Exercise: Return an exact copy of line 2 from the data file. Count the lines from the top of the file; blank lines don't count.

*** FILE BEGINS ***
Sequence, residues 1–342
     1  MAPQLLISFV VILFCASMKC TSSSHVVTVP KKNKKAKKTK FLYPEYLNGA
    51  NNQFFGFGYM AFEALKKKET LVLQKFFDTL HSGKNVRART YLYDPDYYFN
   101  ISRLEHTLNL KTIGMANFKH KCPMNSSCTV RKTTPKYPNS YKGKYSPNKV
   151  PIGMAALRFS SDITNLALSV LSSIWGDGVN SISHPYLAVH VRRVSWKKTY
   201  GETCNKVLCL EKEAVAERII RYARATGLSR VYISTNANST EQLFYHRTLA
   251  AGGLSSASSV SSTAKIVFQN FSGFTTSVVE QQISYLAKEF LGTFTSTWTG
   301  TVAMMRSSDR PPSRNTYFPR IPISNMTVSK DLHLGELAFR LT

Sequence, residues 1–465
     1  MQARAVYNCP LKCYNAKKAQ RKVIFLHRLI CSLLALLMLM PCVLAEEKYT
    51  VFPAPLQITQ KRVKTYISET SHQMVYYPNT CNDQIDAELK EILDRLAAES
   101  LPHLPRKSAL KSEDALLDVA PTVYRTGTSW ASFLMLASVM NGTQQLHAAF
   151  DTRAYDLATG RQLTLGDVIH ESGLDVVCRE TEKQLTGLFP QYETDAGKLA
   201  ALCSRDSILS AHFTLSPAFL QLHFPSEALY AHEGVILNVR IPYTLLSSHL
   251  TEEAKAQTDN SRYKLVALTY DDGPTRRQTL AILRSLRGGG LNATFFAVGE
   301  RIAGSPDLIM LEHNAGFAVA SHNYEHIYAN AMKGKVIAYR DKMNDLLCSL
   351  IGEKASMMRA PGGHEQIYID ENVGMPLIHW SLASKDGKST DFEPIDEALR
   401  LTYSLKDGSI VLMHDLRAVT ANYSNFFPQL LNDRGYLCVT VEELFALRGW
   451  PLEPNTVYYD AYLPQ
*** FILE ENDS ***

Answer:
     1  MAPQLLISFV VILFCASMKC TSSSHVVTVP KKNKKAKKTK FLYPEYLNGA